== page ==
So, here is my question (and I really don’t have an answer yet). What is the proper posture, or mindset, or expectation when engaging in the practices of silence and contemplation? Should we approach these practices with the expectation that God will speak to us? Is that, in some way, claiming that we have some control over whether or not God speaks to us in those moments? Or, should we approach these practices with no expectation other than making ourselves available? Thus, our participation in that moment is primarily that of dying to ourselves. We will have to do the hard work of shedding all the thoughts, behaviors and concerns that keep us from sanctification. Our task is to face our demons and lay ourselves out bare. And we do this knowing full well that we could quite possibly be left there for a bit. For, once again, the ability to bring resurrection is out of our hands.

Therefore, when the periods of absence and silence and death come, we will not be anxious. Nor will we feel the need to manipulate an experience, a pseudo-resurrection. We can be non-anxious during those periods because we will get the only thing we have power to get—death. And the good news is that we will not be distracted or seduced by some “spiritual experience”, or pseudo-resurrection. We will then, when God chooses to do what only God can do, experience resurrection–that is, the real presence of the living God.


A Wonderful Grandmother


My grandmother (MeMom) passed away a few days ago, and the funeral is today. She was an amazing woman, and it is extremely difficult being on the other side of the world today. Since I can’t be there in person, I sent a short video sharing my feelings about MeMom to be played at the funeral. Here is approximately what I said. (I am posting this because I want to honor her by telling of her influence on my life.)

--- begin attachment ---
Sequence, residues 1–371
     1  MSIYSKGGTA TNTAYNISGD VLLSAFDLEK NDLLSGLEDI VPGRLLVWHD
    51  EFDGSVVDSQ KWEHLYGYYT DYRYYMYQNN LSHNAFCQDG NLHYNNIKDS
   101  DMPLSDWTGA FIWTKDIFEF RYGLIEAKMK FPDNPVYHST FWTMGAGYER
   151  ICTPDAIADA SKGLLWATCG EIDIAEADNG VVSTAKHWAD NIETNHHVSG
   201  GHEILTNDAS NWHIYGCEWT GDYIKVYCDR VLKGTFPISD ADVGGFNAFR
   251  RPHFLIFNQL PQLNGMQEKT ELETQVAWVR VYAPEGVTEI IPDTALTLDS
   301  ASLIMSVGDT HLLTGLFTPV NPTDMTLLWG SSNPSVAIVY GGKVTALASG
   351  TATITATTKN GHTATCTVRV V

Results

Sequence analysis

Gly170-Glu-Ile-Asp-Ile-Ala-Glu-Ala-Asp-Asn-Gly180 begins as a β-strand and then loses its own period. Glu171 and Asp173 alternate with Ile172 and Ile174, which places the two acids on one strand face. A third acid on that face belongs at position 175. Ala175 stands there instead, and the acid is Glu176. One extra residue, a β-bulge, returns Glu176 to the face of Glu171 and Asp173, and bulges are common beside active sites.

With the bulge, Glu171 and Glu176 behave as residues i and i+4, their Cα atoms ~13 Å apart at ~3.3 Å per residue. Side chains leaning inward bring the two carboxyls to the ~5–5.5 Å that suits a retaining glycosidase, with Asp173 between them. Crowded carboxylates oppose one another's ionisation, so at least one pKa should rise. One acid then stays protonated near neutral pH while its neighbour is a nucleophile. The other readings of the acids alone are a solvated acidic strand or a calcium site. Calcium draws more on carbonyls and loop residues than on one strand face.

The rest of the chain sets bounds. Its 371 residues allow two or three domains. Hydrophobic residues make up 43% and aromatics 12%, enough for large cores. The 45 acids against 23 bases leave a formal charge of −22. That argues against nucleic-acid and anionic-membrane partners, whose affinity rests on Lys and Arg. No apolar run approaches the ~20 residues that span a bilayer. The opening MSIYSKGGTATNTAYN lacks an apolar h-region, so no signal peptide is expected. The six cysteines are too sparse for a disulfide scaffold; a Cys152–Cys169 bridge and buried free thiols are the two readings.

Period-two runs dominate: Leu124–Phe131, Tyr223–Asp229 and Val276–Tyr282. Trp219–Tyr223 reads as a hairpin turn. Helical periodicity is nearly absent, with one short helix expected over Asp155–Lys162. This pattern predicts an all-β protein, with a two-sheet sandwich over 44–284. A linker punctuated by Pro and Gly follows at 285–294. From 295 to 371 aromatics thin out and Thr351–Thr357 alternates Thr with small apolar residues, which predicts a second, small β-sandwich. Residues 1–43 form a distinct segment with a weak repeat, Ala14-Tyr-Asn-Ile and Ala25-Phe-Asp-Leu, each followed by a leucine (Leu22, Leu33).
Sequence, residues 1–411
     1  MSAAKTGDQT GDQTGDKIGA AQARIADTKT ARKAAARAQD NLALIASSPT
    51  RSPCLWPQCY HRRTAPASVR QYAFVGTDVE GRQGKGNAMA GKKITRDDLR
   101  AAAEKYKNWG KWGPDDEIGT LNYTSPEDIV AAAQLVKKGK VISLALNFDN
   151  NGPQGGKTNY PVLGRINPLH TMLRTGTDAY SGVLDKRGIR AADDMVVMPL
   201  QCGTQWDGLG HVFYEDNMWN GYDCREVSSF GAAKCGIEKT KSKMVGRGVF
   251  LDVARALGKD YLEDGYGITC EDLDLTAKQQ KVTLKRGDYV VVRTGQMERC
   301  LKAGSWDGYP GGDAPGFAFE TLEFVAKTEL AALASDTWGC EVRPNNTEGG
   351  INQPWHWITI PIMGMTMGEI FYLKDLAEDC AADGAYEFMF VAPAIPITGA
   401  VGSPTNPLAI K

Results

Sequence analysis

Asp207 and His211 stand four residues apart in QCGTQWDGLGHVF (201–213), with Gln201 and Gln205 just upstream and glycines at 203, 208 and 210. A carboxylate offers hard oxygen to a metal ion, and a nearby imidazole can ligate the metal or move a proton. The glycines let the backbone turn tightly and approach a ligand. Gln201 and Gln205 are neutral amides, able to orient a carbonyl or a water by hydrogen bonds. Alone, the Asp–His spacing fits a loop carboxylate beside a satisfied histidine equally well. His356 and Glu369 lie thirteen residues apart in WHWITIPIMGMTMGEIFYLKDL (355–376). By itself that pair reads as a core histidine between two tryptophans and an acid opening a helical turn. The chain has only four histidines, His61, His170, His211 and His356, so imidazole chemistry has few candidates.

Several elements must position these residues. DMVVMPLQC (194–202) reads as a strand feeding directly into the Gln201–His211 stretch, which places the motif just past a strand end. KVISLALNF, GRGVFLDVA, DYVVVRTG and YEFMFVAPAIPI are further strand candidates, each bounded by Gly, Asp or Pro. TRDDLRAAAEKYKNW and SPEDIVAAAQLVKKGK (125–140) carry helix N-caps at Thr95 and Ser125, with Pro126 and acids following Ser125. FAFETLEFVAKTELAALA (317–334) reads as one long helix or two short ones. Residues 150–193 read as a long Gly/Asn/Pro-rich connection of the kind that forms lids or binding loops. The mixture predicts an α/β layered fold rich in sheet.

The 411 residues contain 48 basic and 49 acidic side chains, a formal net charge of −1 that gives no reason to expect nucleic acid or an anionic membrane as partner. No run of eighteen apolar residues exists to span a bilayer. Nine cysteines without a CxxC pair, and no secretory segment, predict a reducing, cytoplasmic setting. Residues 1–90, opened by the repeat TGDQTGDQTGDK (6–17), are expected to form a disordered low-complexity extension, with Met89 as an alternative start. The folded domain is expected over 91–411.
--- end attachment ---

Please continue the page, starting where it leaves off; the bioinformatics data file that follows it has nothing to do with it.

I am honored to be able to say a word today about my grandmother, MeMom.

I must begin by saying how much I long to be there with you, friends and family, and especially with you, DadDad, as we mourn the loss our precious MeMom and celebrate the life behind her and the resurrection life ahead of her. It is a day like today that causes me to lament that fact that I am so far away. I question why I would choose to be on the opposite side of the world and have to miss this opportunity to honor and remember my MeMom. And yet, ironically, it is because of her (and DadDad) that it is this way. Because her faith and faithfulness that I witnessed and experienced throughout the years has shaped me and called me to a life of faith and faithfulness as well.

You see, MeMom was a lot of things, but, through the eyes of this grandson, when I see her, I see faithfulness. When I would come to church here growing up, and she was sitting in that same pew next to DadDad, week-in and week-out, I see faithfulness. When she would spend hours sorting clothes at the Christian Service Center, I see faithfulness. When she had Gatorade constantly stocked in her refrigerator for sweaty boys playing basketball, I see faithfulness. When she would spend entire days going from one grandkid’s game to another’s recital to another’s meet to another’s play to another’s match, I see faithfulness. When she would make the frequent drive to Sweetwater to diligently, compassionately, lovingly care for Mama (her mother), I see faithfulness. When she spends 7 decades serving, supporting, enjoying, loving DadDad, I see faithfulness. And I am not the same.

So, today I honor her, and her faithfulness, with words. But, tomorrow, and the next, and the next, I hope to honor her by striving to imitate the faithfulness that she demonstrated to me and to so many of you.

To her church, I pray you will recognize and build upon her legacy of faithfulness that has so greatly shaped this community.

To our family, I pray for peace as we long for her home cooked meals on Hillview and grieve the loss our loved one. And for joy as we share memories of past times together and anticipate reunion on that glorious day to come.

And to DadDad, I love you.